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Good Schools Guide

Since 2014, Emma Hattersley. Studied music at Durham before continuing on to the Royal Academy of Music. Was housemistress at Canford, moving to become deputy head of Sherborne Girls for four years before taking up her current post. Interests outside school include her two dogs, spending time with her husband, three adult children and grandchildren, and camping, with the recent acquisition of a camper van. Music remains a passion as does gardening, and she enjoys comparing notes – horticultural, not musical – with the school’s head gardener. A stroll around the immaculate school grounds would suggest that he doesn’t needs any tips.

As head of a historic all-girls school Mrs Hattersley sees her role as a juggling act. She’s conscious of treasuring the school ethos and values, while keeping pace with today’s social and educational demands. Acknowledges the need to look at education in the round, attaching importance to both academic and personal skills, creative and STEM subjects. ‘If we’re preparing girls for the real world and want more women to go into scientific subjects, having that creative element will bring something slightly different to the table. You want imaginative scientists, who can contribute to a team.’ It’s a lot of balls to have in the air, but her calm and thoughtful manner reassures that she’s more than able to cope.

She lists greater collaboration with local schools, moving forward on digital engagement, and mental health and wellness of students as the priorities on the strategic plan. On this latter point she is a firm believer that ‘if the emotional support is right, success will follow’. Has a strong rapport with students, with a self-professed soft spot for the underdog. She is committed to building strength of character and resilience through engendering a happy atmosphere, in which girls feel safe to stretch themselves and build their confidence. All evidence suggests she’s getting it right. Parents enthuse about her ‘super impressive’ and ‘forward thinking’ approach, and the school is often chosen by families because of her performance and this focus. She is approachable and has breakfast, lunch and tea in small groups to get to know girls better. Her door is open, even, one struggling parent reports, her front door during the summer holidays.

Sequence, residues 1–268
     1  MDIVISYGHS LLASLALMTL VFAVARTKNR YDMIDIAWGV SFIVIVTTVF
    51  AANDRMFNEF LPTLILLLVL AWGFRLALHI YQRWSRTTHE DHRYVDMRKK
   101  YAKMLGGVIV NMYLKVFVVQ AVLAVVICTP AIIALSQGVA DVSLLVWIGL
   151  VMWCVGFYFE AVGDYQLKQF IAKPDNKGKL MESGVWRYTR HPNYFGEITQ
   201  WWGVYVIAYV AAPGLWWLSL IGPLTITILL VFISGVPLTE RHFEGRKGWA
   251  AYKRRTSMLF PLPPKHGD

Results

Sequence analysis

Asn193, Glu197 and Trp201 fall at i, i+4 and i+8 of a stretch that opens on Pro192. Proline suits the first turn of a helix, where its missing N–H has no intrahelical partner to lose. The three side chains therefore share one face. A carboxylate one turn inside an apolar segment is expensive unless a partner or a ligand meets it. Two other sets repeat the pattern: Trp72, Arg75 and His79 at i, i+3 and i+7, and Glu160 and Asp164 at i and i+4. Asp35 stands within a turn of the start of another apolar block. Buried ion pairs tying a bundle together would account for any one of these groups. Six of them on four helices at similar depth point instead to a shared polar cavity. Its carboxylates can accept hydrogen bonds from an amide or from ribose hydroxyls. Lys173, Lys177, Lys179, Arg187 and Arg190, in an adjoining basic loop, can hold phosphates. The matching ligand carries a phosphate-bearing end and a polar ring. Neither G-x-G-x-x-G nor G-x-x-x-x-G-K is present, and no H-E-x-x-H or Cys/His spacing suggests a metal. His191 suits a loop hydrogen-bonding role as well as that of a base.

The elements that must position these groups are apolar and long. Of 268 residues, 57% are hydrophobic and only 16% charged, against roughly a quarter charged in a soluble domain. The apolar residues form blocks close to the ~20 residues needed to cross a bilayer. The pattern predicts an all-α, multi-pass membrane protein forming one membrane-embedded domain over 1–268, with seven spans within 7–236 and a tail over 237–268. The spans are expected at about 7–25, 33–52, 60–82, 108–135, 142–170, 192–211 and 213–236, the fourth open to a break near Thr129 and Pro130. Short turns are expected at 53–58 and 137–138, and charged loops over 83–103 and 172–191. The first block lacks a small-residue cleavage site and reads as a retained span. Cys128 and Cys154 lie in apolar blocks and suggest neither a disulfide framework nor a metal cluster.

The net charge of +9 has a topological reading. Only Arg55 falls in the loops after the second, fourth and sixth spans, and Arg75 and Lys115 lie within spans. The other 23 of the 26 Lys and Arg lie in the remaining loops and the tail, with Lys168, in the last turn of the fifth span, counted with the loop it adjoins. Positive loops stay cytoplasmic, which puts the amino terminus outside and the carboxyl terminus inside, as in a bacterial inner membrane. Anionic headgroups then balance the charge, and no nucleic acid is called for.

Described as ‘softly selective’. Majority of girls transition from Godolphin prep, but for new candidates at 11+ and 13+ entry there is an assessment day in which papers in English and maths are taken plus interview with head or senior member of staff and reference taken from existing school. Sixth form entrants are expected to gain at least five GCSEs at grade 5 with a minimum of 7 in proposed A level subjects, plus interview and exams.


Around 20 per cent leave post-GCSE. Around half of sixth form go onto Russell Group universities choosing courses ranging from engineering and international relations to history of art. Some to art college and foundation courses. One to Oxbridge in 2020.

Latest results

In 2020, 64 per cent 9-7 at GCSE; 60 per cent A*/A at A level (85 per cent A*-B). In 2019 (the last year exams took place) 50 per cent 9-7 at GCSE; 29 per cent A*/A at A level (58 per cent A*-B)

Teaching and learning

Not that this was explicitly said, but we suspect the mantra should be that Godolphin aims for girls to be the best that they can be, rather than hothoused to be the best. While academic results have fluctuated from year to year, head says she’s ‘never too fussed’ by league tables and results and points instead to the fact that the school is in the top seven per cent for value added.

Girls across the academic spectrum, both in terms of ability and interest, are catered for. In the sixth form, performing arts BTEC and level 3 food technology are offered alongside core STEM subjects, further maths and classics, and the increasingly popular psychology and geology. French, German and Spanish are available, with Mandarin as an optional GCSE. Take up of STEM subjects is healthy, beating the national average for girls taking science subjects at A level by 20 per cent.

One parent reported the school’s willingness to accommodate different courses, ‘no matter how small the class’. No one area outshines the others (although art seems extremely popular and roughly half take art GCSE). The school science quiz is as big an event as the performing arts competition.

There is a scholars’ programme for able students, centred around additional lectures designed to stimulate intellectual curiosity. These take place on Friday afternoons which must be a pretty tough sell, but hard to find space in a packed extra curricular timetable.

The Bright Futures career programme is ably supported by a thriving alumnae network. Recent leavers are more than happy to come back and share their stories of the great wide world, while parents and alumnae with more years’ experience under their belt contribute to Find Your Future Friday, discussing their career paths. We were struck by the number of former pupils who are now parents, teachers or support staff. It all contributes to an overarching sense of a happy, enduring family.